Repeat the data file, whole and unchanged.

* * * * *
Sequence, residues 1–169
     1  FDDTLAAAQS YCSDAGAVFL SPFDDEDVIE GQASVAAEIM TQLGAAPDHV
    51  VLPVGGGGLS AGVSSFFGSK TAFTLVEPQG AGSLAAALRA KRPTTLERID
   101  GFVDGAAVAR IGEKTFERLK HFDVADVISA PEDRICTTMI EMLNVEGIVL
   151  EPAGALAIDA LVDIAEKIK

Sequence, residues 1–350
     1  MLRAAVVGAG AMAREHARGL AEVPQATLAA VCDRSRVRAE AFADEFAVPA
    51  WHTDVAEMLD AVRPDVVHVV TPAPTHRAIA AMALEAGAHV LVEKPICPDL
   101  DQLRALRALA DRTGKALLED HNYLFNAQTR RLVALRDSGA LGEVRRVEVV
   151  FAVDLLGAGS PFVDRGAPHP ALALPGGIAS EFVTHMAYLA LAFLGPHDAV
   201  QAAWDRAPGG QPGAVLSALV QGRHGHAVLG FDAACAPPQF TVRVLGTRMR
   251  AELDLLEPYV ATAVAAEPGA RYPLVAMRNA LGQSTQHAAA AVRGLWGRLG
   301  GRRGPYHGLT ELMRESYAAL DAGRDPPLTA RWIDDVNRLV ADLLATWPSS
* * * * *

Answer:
Sequence, residues 1–169
     1  FDDTLAAAQS YCSDAGAVFL SPFDDEDVIE GQASVAAEIM TQLGAAPDHV
    51  VLPVGGGGLS AGVSSFFGSK TAFTLVEPQG AGSLAAALRA KRPTTLERID
   101  GFVDGAAVAR IGEKTFERLK HFDVADVISA PEDRICTTMI EMLNVEGIVL
   151  EPAGALAIDA LVDIAEKIK

Sequence, residues 1–350
     1  MLRAAVVGAG AMAREHARGL AEVPQATLAA VCDRSRVRAE AFADEFAVPA
    51  WHTDVAEMLD AVRPDVVHVV TPAPTHRAIA AMALEAGAHV LVEKPICPDL
   101  DQLRALRALA DRTGKALLED HNYLFNAQTR RLVALRDSGA LGEVRRVEVV
   151  FAVDLLGAGS PFVDRGAPHP ALALPGGIAS EFVTHMAYLA LAFLGPHDAV
   201  QAAWDRAPGG QPGAVLSALV QGRHGHAVLG FDAACAPPQF TVRVLGTRMR
   251  AELDLLEPYV ATAVAAEPGA RYPLVAMRNA LGQSTQHAAA AVRGLWGRLG
   301  GRRGPYHGLT ELMRESYAAL DAGRDPPLTA RWIDDVNRLV ADLLATWPSS